Help me measue current.
May 26, 2010 7:05 AM   Subscribe

Can I install an amp meter in the positive side of a circuit?

I want to install this amp meter in my pickup. I want to keep an eye on the add-in equipment I have installed. I have grounded some of the items to the frame, so I don't have an easy way to insert this on the negative line. Here is the install guide. (PDF)

Can this work in the positive line? I can't get a good answer from the web site.
posted by Climber to Technology (7 answers total)
 
I don't know specifically about car wiring, but ammeters in general should work identically at any point in a loop. Just make sure that you connect the measurement (+)/(-) terminals to the shunt resistor such that the (+) terminal is at a higher potential (closer to the positive battery terminal) than the (-) terminal, so that the polarity of the current reading is correct.
posted by caaaaaam at 7:28 AM on May 26, 2010


If it's a well-designed, modern piece of electronics, it will have high-impedance differential inputs and it will work fine on the positive side. If it's a piece of crap, the two negative wires (black and blue) will be connected internally and it will bridge the shunt across your battery (equals hot shunt). If you have an ohmmeter, you could check that the inputs (green and blue) have high resistance to the other wires. My guess is that it will work for you; if you want to be sure, you could always make a test circuit with some spare wire before installing in your car (battery -> shunt -> spare headlight -> battery). Also, caaaaaam's point about polarity is important.
posted by drdanger at 7:41 AM on May 26, 2010


Different designs for current meters exist; some would do what you want, some wouldn't.

For example, some current meters have power terminals and sense terminals, but expect the sensed voltage to be within a few volts of the negative power terminal - so if you connect the sense resistor on the positive side of your circuit, then connect the sense terminals to the same power source (so the sensed voltage is within a few volts of the positive terminal, rather than the negative terminal) they may not like that.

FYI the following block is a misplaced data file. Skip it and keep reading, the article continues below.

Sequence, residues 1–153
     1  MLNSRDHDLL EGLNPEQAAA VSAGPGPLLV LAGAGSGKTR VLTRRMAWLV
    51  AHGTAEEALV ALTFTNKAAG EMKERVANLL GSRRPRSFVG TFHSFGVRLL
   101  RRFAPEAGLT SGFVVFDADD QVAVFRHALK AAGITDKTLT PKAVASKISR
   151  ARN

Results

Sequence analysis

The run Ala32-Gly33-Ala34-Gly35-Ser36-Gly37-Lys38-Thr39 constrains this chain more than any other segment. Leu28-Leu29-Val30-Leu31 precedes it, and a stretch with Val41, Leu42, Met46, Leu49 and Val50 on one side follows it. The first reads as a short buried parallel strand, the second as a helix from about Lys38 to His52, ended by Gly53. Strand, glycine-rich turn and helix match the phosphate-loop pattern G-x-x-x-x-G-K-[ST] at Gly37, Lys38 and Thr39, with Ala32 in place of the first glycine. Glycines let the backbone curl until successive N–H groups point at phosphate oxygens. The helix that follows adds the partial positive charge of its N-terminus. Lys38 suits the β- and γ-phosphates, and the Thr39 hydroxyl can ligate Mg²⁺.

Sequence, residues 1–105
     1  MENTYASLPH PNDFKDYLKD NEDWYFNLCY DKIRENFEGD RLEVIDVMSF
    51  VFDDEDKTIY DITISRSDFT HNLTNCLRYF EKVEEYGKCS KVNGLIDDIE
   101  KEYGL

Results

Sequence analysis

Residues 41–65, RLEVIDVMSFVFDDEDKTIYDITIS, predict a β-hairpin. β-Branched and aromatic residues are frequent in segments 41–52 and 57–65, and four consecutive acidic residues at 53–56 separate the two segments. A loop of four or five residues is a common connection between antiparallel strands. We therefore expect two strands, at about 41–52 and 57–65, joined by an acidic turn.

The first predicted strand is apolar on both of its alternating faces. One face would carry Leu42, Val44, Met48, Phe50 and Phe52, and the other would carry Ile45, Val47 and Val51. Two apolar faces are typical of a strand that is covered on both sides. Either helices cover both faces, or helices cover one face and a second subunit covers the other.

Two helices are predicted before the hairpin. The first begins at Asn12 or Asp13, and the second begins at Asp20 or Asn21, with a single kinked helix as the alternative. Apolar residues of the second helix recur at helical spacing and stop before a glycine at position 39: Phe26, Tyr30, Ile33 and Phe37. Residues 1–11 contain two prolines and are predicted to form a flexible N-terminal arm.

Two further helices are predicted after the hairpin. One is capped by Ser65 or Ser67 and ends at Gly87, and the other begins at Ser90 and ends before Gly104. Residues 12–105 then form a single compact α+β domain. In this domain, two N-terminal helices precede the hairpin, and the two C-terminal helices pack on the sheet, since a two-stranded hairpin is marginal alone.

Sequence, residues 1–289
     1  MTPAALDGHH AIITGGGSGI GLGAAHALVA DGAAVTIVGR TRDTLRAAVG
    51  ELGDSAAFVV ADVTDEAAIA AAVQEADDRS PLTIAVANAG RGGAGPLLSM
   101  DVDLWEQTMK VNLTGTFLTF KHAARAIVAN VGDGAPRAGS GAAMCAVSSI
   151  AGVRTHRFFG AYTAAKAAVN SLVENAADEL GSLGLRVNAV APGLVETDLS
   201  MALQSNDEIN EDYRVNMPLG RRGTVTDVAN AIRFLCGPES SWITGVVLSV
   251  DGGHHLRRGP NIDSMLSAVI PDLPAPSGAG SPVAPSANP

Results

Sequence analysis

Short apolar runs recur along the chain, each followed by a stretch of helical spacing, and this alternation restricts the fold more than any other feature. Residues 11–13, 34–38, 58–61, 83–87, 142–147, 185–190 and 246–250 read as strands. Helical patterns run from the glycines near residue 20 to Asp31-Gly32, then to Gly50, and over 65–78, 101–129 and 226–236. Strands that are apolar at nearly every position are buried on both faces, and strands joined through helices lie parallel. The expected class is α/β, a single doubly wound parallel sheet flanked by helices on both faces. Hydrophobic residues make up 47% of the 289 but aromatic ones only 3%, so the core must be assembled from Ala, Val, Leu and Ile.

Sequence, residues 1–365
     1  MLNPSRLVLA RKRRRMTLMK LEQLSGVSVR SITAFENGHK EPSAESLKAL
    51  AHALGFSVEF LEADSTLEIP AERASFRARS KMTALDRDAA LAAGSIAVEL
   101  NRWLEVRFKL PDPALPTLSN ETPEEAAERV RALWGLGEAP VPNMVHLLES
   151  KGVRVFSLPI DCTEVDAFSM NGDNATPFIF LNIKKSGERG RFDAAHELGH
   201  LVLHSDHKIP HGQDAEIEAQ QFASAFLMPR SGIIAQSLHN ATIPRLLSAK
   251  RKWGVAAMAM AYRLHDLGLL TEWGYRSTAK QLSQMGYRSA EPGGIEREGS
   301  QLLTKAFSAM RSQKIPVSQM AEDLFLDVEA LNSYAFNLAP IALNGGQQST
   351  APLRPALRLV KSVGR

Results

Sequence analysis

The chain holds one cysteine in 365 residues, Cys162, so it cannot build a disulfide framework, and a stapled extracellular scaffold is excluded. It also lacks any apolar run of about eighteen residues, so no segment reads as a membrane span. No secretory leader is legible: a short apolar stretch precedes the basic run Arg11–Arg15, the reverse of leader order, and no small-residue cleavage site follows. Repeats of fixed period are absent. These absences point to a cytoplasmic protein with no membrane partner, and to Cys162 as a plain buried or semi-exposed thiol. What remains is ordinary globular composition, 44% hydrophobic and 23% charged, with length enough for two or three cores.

Other current meters, however, would be just fine with what you want to do.

Unfortunately the website and install guide do not contain sufficient information to definitively say whether this current sensor would have problems or not.

If you already have the sensor, I could suggest some tests which might help you work it out. If you haven't yet purchased the sensor, you could e-mail the retailer and ask them for more details on it.
posted by Mike1024 at 7:44 AM on May 26, 2010


High-side current metering is not at all unusual, it's just a question of whether the sense inputs of the meter can tolerate being that far away from ground. (In a specification this might be listed under "common-mode input voltage range", but the installation guide you linked to isn't that detailed.) You could presumably power the meter from a separate, "floating" supply (a separate battery, eg) but that'd be a hassle.

FWIW, can you insert the shunt in the wire that connects the frame to the battery's negative terminal? My car uses the frame for the current return for lots of things, but it all eventually has to go through one wire to get back to the battery.
posted by hattifattener at 9:42 AM on May 26, 2010


It should work fine. Don't expect much in the way of precision, but as far as breaking anything, everything seems to indicate that it will work as you intend.
posted by spiderskull at 1:09 AM on May 27, 2010


I have a diesel with two batteries, so measuring via the ground from the frame to the battery won't work.

I'm thinking I will keep looking for a meter that states it will work that way. Powering the meter with a separate supply would be a hassle.

Thanks for all of the input.
posted by Climber at 11:23 AM on May 27, 2010


I don't know of any that are easily dashboard-mountable, but if you google "clamp meter" you'll find tools for measuring current which sense the magnetic field from the wire - so they don't have to be wired in, just looped around the cable.

Most of the cheap ($20) ones have the clamp built into the display so they wouldn't go well on your dashboard, but if you just want to run an occasional test they could do the job.
posted by Mike1024 at 12:58 PM on May 28, 2010


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